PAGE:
Indeed, there have been many such allegations of sexual abuse against powerful people—and powerless students and employees—in the past year that involved a “singular incident,” but few have received the kind of understanding and mercy that Collado has received. Collado has told The Chronicle that she was grateful for the support received on campus and adds that four bouquets of flowers from supportive members of the community arrived in her office last week. But Collado was allowed to enter her nolo contendere plea to a comparatively mild charge—placing one hand on a clothed breast of the patient. But the patient said there was more sex involved.
A Brave Student Editor
In contrast, Aidan Quigley, the beleaguered editor-in-chief of The Ithacan who broke the story after receiving a packet of court materials in the mail on the 2001 case from an anonymous sender, seems to be receiving few campus accolades for his courageous reporting. Letters to the editor of The Ithacan, from some Ithaca faculty members, took a harsh position against the student editor. Professor Nick Kowalczyk called Quigley’s story “shoddy reporting at best…. That this story broke quickly on Fox News and within 18 hours was commented upon no less than 922 right-wing trolls, whose comments are rife with misogyny and bigotry and white fragility suggests exactly where the sender of the anonymous package hoped for the story to land.”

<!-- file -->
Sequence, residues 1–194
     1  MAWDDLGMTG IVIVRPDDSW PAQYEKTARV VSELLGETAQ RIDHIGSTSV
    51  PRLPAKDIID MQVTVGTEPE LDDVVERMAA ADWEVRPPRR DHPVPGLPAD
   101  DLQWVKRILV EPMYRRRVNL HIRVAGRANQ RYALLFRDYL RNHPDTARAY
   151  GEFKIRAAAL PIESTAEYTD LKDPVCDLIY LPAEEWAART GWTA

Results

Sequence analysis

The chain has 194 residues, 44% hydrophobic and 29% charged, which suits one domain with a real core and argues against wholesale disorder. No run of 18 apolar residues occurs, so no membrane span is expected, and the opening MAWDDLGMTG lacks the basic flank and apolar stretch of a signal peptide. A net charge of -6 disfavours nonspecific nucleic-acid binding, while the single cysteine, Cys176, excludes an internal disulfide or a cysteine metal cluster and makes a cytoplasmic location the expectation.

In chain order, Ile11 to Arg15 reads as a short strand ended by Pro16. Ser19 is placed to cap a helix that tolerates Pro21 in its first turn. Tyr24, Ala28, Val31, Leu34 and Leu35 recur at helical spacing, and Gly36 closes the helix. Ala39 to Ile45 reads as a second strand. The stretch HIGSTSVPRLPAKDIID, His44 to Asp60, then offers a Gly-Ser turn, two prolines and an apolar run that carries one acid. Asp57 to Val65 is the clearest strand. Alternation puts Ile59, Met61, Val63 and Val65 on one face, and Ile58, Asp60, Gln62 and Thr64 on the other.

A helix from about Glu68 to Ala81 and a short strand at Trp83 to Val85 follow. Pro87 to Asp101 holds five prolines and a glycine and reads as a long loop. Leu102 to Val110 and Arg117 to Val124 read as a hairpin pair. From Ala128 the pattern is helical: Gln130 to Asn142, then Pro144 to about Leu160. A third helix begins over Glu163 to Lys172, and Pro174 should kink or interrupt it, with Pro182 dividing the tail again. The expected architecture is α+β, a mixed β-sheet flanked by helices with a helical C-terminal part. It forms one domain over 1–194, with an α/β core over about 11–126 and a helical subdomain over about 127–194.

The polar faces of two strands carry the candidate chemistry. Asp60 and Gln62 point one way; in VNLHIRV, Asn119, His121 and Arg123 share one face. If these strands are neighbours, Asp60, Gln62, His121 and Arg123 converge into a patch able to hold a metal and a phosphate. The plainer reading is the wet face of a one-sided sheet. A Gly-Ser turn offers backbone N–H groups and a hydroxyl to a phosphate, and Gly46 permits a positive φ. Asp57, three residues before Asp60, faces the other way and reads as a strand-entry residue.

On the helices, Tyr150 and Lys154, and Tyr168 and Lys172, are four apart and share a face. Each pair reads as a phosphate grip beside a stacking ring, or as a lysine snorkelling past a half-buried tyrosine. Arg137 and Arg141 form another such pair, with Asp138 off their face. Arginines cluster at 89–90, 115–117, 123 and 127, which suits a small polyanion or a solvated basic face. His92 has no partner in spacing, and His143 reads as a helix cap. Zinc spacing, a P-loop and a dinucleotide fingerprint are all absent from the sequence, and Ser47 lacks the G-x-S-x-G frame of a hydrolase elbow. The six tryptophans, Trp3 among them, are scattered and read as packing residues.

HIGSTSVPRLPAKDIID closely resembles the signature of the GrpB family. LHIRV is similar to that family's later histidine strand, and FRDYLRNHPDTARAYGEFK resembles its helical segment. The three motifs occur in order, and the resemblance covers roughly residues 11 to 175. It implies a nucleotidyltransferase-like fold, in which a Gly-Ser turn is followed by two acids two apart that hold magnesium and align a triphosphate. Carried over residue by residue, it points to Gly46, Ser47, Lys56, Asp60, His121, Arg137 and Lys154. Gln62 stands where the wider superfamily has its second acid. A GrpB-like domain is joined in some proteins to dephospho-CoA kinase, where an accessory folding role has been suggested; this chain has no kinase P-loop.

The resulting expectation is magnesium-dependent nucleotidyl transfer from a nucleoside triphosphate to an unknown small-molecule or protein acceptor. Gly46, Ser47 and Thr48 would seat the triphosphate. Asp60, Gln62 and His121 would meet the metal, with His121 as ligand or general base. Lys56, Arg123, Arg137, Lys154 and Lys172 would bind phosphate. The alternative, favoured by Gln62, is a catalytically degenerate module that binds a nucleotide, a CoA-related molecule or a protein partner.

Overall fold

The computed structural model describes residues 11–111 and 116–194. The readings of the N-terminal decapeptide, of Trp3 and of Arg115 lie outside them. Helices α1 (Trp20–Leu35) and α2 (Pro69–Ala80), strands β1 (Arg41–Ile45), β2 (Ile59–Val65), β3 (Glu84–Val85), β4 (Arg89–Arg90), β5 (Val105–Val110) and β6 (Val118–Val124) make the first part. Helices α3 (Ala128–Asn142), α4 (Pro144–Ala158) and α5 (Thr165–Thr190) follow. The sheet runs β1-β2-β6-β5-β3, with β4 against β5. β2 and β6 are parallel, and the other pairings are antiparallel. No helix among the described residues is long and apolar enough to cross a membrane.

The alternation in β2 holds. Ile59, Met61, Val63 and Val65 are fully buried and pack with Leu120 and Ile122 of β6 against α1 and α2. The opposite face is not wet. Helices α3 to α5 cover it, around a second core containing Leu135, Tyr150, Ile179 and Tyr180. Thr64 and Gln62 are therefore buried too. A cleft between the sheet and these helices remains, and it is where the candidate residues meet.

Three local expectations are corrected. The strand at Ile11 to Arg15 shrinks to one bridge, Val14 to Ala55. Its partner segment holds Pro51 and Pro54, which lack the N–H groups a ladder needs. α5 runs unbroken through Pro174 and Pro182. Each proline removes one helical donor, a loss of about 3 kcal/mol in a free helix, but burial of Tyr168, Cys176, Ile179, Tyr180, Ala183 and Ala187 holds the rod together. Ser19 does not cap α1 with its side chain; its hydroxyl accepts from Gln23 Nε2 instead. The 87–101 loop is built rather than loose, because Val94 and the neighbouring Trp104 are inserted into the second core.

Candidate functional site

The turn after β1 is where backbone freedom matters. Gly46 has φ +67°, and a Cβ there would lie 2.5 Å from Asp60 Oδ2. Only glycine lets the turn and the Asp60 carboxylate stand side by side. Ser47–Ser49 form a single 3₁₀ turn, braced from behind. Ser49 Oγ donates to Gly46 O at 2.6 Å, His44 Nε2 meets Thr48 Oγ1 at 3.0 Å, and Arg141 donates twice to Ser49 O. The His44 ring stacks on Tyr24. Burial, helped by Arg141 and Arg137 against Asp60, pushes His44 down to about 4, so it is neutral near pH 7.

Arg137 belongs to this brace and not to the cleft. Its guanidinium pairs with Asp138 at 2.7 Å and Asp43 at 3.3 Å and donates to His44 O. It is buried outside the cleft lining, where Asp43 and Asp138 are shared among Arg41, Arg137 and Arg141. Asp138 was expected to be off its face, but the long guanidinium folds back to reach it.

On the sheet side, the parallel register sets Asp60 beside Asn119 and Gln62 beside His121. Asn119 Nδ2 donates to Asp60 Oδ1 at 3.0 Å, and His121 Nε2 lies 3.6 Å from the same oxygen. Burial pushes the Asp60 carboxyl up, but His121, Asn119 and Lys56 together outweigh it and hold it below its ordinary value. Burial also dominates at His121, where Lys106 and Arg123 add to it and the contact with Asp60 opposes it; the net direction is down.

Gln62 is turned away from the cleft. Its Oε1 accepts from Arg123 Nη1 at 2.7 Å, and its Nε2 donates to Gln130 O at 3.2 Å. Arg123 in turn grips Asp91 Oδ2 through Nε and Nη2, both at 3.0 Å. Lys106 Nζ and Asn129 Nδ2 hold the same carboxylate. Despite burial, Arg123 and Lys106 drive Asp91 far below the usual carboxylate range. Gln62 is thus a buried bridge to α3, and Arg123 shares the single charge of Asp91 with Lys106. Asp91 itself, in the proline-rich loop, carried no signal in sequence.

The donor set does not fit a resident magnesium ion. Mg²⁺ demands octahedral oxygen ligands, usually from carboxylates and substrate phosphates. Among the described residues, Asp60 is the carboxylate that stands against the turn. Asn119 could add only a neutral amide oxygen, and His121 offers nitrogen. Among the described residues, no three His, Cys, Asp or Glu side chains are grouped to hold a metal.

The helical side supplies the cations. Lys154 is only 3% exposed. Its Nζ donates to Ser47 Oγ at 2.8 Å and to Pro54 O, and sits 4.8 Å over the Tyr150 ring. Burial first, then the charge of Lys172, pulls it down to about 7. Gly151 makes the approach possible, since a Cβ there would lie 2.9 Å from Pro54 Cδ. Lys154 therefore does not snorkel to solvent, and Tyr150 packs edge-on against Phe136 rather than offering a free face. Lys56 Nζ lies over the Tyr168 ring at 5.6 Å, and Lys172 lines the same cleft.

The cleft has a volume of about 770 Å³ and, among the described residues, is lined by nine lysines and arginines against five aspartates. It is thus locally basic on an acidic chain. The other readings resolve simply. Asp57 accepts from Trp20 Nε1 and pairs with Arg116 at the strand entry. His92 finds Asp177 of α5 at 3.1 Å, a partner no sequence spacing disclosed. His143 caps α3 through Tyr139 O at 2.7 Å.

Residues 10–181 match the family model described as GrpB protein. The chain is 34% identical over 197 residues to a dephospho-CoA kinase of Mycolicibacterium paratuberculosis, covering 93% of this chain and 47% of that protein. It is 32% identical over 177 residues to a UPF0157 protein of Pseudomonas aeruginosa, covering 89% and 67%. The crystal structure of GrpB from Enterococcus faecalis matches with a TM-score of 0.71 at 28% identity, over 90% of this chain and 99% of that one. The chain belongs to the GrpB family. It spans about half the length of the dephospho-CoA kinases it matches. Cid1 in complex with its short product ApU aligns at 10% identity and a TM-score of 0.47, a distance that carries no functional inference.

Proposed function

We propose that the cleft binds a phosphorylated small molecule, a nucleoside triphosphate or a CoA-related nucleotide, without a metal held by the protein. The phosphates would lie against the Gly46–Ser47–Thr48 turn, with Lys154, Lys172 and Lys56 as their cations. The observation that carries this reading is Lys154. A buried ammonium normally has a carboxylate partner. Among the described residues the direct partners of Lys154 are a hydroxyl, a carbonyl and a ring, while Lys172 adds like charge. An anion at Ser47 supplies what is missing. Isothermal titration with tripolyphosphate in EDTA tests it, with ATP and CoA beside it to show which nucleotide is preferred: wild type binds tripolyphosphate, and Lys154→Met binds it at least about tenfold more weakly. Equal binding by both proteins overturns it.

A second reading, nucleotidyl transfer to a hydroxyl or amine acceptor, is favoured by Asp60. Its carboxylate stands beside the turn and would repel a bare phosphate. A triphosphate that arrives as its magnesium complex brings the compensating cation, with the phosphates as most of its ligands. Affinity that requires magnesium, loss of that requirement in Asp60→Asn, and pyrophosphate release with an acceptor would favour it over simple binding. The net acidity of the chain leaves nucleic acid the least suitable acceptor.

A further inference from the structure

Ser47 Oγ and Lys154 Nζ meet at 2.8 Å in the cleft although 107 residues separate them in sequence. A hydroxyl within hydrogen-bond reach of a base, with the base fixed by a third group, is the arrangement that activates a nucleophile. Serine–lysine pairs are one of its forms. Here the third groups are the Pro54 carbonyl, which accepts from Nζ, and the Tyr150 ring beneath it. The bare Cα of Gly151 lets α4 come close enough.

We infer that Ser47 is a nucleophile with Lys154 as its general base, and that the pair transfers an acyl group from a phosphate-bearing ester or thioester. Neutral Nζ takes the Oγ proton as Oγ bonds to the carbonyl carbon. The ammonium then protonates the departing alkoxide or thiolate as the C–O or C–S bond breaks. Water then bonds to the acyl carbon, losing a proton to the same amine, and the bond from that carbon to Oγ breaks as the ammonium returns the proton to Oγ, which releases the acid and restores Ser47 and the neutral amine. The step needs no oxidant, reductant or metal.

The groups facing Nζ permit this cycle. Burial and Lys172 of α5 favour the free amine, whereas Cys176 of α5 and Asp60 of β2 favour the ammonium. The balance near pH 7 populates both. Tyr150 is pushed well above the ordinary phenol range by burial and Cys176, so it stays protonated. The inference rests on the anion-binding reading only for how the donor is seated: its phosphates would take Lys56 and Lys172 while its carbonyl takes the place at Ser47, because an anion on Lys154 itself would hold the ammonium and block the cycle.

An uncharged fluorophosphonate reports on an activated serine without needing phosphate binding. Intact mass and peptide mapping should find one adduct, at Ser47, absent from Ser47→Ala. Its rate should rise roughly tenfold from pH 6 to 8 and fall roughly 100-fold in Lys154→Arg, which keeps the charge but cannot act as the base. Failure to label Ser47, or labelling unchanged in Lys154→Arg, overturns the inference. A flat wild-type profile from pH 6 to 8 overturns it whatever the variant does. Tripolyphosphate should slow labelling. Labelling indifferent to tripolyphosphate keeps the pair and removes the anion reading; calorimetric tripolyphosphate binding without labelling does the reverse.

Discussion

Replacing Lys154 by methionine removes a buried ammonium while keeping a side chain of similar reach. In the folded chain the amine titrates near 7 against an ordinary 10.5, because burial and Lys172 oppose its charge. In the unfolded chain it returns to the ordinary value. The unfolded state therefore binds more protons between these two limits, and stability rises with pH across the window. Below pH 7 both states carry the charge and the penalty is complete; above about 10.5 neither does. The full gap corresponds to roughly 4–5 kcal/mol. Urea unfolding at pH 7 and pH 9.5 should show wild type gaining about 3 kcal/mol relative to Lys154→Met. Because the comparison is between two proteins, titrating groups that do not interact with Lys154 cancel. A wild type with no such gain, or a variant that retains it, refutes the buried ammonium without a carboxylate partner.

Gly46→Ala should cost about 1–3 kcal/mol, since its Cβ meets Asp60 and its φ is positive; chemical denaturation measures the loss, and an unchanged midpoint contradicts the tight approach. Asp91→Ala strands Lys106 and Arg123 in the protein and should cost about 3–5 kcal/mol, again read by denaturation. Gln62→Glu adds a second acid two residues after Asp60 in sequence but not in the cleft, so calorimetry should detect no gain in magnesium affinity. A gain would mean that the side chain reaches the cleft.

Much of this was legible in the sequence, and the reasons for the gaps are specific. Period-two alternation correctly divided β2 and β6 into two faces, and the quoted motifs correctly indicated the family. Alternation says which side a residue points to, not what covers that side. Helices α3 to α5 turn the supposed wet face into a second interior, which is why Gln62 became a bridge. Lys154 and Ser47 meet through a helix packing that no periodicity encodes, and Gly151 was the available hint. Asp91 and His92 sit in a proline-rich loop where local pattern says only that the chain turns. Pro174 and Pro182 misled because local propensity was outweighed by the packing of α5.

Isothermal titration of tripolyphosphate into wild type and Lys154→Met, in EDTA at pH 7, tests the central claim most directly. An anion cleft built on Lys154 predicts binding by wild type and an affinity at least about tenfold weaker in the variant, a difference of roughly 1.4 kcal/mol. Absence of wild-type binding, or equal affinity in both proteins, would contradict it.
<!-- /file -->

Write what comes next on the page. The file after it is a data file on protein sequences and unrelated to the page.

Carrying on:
Ignoring the 2001 court documents, including the witness statements, Kowalczyk simply assumes Collado’s innocence. Likewise, Harriet Malinowitz, an Ithaca lecturer in Women’s and Gender Studies wrote, “As a part-time faculty and as LGBTQ faculty, I have had my views explicitly sought by her and discussed with the kind of reflectiveness and care one usually only dreams of from a higher ed administrator. I think that she is a gem. …I am sure she is suffering greatly right now, and I hope others will join me in extending her massive outpourings of support.”
In a radio interview for WRFI, Quigley was asked if it was “fair” of him to put Collado through “double jeopardy in this way?” Claiming that since Collado had gone through court, was convicted and had a sentence, the interviewer suggested that she had already been punished enough.
Lost in all of this is the psychiatric patient who claimed in court documents to have been sexually abused by Collado. There has been no #metoo moment for her. This is unfortunate for two reasons: Students are learning that some people are part of a protected class and will be forgiven for their transgressions because of their racial identity. And victims of sexual abuse may be wary about naming abusers from a protected group. We have been told that we need to believe the victims. But as this case demonstrates, the alleged offenders’ and enablers’ excuses exhibit similar themes—claiming that “it was a singular incident” or “she is a gem,” do little to help her victim.
In response to all of this, Collado has begun to assume victim status herself now—claiming that it was “unsettling” to receive the anonymous attack on her. She has said that she felt “targeted” by the negative attention and told The Chronicle“I’ve shared things that I think most presidents don’t get up and share about who they are.” But the disturbed patient involved said Collado had sex with her repeatedly, once in a threesome with a male. And Collado picked a very vulnerable victim who had already been sexually abused as a child and again as an adult by a doctor convicted of the crime. In an age of “me too,” how much should a college overlook in a search for a diversity-minded president?
Photo: by Eugene Kukulka